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Full updates from all three teams will be posted here, for quick updates please see our Twitter page.

Please be aware that the World Challenge Teams are finding internet access very unreliable so updates are hard to communicate. 

10th August - Team 2

We’re currently in Mozambique on our final night and none of us can quite believe the trip is so nearly over. We’ve spent the last week experiencing the beautiful city of Tofo, beginning with our marine conservation project. We spent three days with the lovely Kim, Katie and France of the All Out Africa team learning about their efforts to conserve the ocean life of Mozambique and helping out by humpback whale watching and completing a beach clean up. The best bits for many of us came with the exhilarating ocean safaris that we were able to take part in. On our first safari we were fortunate enough to see an incredibly high amount of breaching whales, with our project leader Kim telling us that it was the most humpback whales that she had ever seen on an ocean safari. Thinking our luck had run out, we took part in the other safaris thinking we’d seen the best already, but on our third excursion we managed to swim with an albino giant manta ray, see devil rays, humpback whales and, the highlight for many of us, swim with dolphins which was the most unforgettable experience. Throughout the rest of our R&R, we spent our time learning how to haggle in the markets of both Tofo and Inhambane, with varying degrees of success and some admittedly shocking deals made by certain members of the group in the first couple of days. Over the course of 6 days we somehow managed to buy a whopping 300 samosas, quite an achievement if you ask us! We also filled our time making eco-bricks on the beach, taking part in an African dance/fitness class (although this was a challenge that many of the boys and one of the teachers decided they couldn’t handle), and eating a traditional Mozambican buffet on our final night in Tofo.

9th August - Team 1

We are still in Tofo, a small beach resort on the Indian Ocean in Mozambique.

Our final phase of our expedition involved working alongside marine biologists to assist with their research on Tofo’s ‘Big 5’ (whale sharks, dolphins, manta rays, humpback whales and turtles). We have been split into two teams where we work on separate activities everyday, which is either based on scientific research or wildlife conservation. One of the daily activities has been humpback whale monitoring where we trek up sand dunes to watch the ocean using reticulated binoculars. The data is then used to understand the population migrating up and down the coast. The project also includes going out into the bay on ocean safaris for close encounters with the humpbacks. Sadly the whale sharks did not make an appearance.

On Friday we start our journey home - our bus to Maputo departs at 5:30am and takes 7-8 hours. Then on Saturday we fly to Johannesburg and to connect with our overnight flight back to London.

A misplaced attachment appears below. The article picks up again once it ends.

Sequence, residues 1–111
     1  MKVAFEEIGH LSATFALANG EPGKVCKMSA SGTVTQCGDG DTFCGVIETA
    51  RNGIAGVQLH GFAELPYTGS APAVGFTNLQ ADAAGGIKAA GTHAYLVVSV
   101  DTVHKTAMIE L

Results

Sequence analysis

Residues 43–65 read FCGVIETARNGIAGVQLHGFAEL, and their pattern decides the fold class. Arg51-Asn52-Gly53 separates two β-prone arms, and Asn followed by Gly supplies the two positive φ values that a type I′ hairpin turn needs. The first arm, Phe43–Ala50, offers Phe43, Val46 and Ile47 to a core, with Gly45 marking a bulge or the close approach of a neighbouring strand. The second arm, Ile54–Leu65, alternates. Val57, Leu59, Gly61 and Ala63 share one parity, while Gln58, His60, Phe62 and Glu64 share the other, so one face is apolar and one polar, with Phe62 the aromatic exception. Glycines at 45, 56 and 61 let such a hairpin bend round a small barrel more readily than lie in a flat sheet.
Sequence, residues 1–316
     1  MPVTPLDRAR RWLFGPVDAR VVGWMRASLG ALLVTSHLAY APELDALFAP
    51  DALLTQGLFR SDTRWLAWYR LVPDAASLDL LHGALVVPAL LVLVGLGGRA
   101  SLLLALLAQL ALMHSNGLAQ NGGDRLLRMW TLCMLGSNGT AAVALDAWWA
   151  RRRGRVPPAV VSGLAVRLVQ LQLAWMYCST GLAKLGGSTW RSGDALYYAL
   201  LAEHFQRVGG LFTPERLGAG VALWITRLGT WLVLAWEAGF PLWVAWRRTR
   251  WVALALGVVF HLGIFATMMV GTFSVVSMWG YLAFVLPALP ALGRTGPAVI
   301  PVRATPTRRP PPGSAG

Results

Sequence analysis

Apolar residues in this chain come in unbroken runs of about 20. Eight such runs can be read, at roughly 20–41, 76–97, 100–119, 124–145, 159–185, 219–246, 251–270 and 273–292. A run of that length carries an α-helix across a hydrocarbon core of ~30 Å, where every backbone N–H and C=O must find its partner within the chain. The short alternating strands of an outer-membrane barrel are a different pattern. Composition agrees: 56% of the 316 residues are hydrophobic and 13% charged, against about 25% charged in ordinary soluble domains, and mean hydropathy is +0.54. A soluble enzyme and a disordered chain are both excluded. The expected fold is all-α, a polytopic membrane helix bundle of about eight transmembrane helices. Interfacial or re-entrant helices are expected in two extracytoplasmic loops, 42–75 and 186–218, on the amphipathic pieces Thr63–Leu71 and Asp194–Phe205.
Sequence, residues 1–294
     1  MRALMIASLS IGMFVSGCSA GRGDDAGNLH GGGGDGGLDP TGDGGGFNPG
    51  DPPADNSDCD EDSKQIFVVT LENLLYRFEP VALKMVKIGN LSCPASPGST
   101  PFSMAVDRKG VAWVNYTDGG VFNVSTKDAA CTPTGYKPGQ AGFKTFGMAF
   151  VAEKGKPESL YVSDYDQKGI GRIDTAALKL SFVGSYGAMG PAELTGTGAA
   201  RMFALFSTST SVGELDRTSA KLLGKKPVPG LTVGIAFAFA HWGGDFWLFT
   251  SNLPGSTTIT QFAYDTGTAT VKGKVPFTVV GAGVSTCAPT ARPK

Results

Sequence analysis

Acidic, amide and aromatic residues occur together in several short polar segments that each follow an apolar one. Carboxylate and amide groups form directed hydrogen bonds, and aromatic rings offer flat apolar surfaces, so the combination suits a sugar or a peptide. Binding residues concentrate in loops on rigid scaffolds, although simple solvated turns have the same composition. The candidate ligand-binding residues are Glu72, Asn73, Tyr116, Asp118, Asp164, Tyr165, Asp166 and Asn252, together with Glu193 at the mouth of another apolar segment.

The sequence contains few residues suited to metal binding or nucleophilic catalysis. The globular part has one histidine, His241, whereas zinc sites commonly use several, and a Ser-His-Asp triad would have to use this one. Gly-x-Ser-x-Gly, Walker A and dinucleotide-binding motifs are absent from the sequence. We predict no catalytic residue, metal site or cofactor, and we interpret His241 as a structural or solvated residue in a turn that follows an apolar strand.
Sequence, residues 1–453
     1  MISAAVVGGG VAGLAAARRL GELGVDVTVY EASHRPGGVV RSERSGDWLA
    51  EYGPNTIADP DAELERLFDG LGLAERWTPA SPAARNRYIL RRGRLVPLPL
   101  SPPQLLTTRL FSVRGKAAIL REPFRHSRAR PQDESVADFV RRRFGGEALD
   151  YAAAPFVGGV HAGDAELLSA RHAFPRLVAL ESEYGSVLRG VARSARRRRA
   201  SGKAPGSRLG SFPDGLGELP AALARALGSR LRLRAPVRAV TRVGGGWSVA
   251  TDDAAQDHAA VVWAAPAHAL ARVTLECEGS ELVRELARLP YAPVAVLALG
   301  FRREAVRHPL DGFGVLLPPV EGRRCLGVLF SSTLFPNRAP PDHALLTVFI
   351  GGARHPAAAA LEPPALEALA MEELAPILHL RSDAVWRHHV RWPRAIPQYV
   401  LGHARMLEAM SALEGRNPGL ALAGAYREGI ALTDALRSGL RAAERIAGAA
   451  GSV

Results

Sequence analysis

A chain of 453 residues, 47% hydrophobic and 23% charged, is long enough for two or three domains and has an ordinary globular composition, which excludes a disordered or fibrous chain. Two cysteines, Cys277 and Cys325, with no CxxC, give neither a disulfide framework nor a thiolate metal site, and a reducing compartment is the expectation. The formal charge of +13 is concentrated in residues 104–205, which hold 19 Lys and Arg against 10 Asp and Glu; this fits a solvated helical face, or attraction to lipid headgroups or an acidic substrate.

See you soon!

8th August - Team 3

Having lost a phone we have found emailing very challenging with poor or no WiFi. We have all been emersed in the trip and can't wait to share pictures and stories on our return. Tonight we have returned to Khotso horse farm having been on project in Lesthoto the most stunning country although as cold as prewarned. Our time in Durban will be refreshingly different! See you all as planned on Sunday.

8th August Team 2

Update 1 - We’ve just come back from our first R&R activity - zip lining at Malolotja nature reserve in Swaziland. Despite some initial nerves, we all kitted up and headed off to our first zip-lining platform, full of excitement and ready to get stuck in. After a couple of practice runs on the smaller zip lines, we were ready for the 8 100m+ zip-wires and suspension bridge overlooking the stunning views of Malolotja. With varying degrees of gracefulness, a lot of encouragement and a couple of screams from Kate on the suspension bridge, we all managed to complete the entirety of the canopy tour. The time flew by (as did we!) but we made sure to stop for lots of photo opportunities, incluAnother update from team 2! We’ve just finished our final day at the surreal Kruger National Park in South Africa. We began by meeting our two guides for our stay at Kruger, Rueben and Adrian, in their very short shorts and boarded our safari vehicles. We spent our three days on unlimited game drives as well as an incredible night safari and an early morning game drive, armed with lots of blankets. Whilst there were more breathtaking moments than we could count, some of our highlights included elephants walking out on the road right in front of our vehicle, seeing a leopard (one of the hardest of the Big 5 to spot) and, most incredibly, spotting two cheetahs just before the gates on our final day even though there are only 120 in the entire park. During our stay we made sure to fill up our memory cards with tonnes of photos to show everyone at home, and ended the visit with our first group meal out at the restaurant - a fitting end to our incredible Kruger experience.ding some action shots of our scared faces mid-zip line taken by the guides.